Contract Airline Services

"We are the protagonists of our stories called life, and there is no limit to how high we can fly."

Type rated on A330, B747-400, B747, B757, B767, B737, B727. International Airline Pilot / Author / Speaker. Dedicated to giving the gift of wings to anyone following their dreams. Supporting Aviation Safety through training, writing, and inspiration.

Wednesday, February 4, 2015

The Wright Stuff...

Team Assessment, Stress 
and Communications... 

Captain Jim Wright sent a wonderful comment on his impression and correlation between aviation and maritime with lessons learned in The Pilot Factor. Today is day two of that assessment.

Team Assessment

Your novels (Flight For Control and Flight For Safety) suggested that “team assessment” in aviation begins in the airport crew room before boarding the aircraft. A Flight for Safety incident described a Captain who did not adopt the best techniques for inspiring a sense of “team confidence” in his abilities. Additionally, his disinterest in assessing the FO’s flying skills worked against CRM principles. The net result was that overall team performance was less than it could have been.


“Assessment” with regard to maritime pilotage is a two-way street. Upon entering the wheelhouse the pilot begins an assessment of the “bridge team” at the same time that the “bridge team” is assessing the pilot. Many years of experience with this “waltz” has convinced me that the pilot should considered him/herself as a stage actor with the wheelhouse being the stage and the bridge team as the audience. Just as Lawrence Olivier successfully convinced theater audiences to accept him as “Hamlet” so the pilot should instill confidence in the “bridge team” to trust him/her with the conduct of their vessel.

Good maritime pilots tend to become perceptive observers (assessors) of the “bridge team’s” level of confidence in the pilot. For example, Asian Captains and Mates typically demonstrate an increasing level of anxiety by sucking through their teeth – a speed reduction often eliminates the sucking. On another occasion during one memorable nighttime pilotage transit through a narrow and shallow passage in SW Alaska, the Russian Captain put his arm around my shoulder and whispered, “Are we safe yet?” (See Stress below)


Team Communications

Although English is the compulsory language for maritime pilotage (and presumably for aviation), the “Pilot” and the “Team” often speak different languages which can be quite challenging. The challenge increases when individual members of the “team” speak different languages and occasionally do not communicate well with each other.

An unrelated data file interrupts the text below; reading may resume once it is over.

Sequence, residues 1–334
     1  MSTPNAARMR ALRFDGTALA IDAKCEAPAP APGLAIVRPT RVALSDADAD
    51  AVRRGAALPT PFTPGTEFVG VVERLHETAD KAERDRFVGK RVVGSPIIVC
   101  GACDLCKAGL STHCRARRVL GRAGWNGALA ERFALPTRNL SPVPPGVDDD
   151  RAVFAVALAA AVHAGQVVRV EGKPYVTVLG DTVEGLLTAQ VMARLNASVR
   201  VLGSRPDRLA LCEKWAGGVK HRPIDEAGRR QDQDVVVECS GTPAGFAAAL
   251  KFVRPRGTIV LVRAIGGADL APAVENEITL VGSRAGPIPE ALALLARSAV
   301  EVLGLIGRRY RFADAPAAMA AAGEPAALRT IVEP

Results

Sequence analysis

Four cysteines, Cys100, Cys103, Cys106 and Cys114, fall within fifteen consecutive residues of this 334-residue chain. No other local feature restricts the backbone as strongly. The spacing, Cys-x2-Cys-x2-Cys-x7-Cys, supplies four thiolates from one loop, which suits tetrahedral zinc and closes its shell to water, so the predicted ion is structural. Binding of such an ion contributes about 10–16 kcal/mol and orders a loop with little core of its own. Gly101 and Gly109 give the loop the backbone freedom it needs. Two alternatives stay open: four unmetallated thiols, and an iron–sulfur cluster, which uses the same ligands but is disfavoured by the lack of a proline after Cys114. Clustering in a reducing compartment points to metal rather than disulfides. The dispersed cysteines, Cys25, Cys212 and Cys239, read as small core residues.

An additional communication problem in both aviation and maritime can arise when a response to a question is not the expected answer. Taking action on the expected response rather than the actual response appears to have been the cause of the Tenerife collision between the Pan-Am and KLM 747’s. 

In other cases communications have been left unresolved. One such incident occurred maybe 20 years ago during a charter flight from Anchorage to Tatitlek (Prince William Sound) in a Navajo with 2 pilots and 2 passengers. We had an IFR clearance at 10,000 to Johnstone Pt where we hoped to find a hole to descend through over the water and then go visual below the ceiling to the Tatitlek airport. We were maybe 15 – 20 minutes West of Johnstone Pt when we heard AK-Air contacting Anchorage Center. ATC’s response was something like, “Alaska 91 descend and maintain 10,000 – contact Anchorage Center at Johnstone Point on ….” In my simple mind the possibility of meeting each other at the same altitude seemed worth considering. About that time the FO asked the Capt. “Did you hear that? – What do you think?” The Capt said something like, “yeah….” and we pressed on to Johnstone Point at 10,000. We probably were never even close to AK-91 although that unresolved communication between the Capt. and FO has continued to roll around in my mind over the years. "


When discussing stress in BRM-P classes we compare “eustress” (good stress) with “distress” (bad stress) and look at how each condition affects decision making. Empirical evidence has shown that “eustress” enhances SA and “distress” diminishes SA. Airline pilots probably experience the same feeling of “eustress” when approaching the runway threshold as marine pilots feel when 3 or 4 ship lengths from the berth. Advice given to me in my early piloting days illustrates that concept..

“If the ship is not where you want it to be then get it there (Eustress) and if you don’t know where you want the ship to be (distress) then you shouldn’t be in this line of work." 
Jim Wright


No comments:

Post a Comment

Thank you for your comment! If your comment doesn't appear immediately, it will after I land. Enjoy the journey!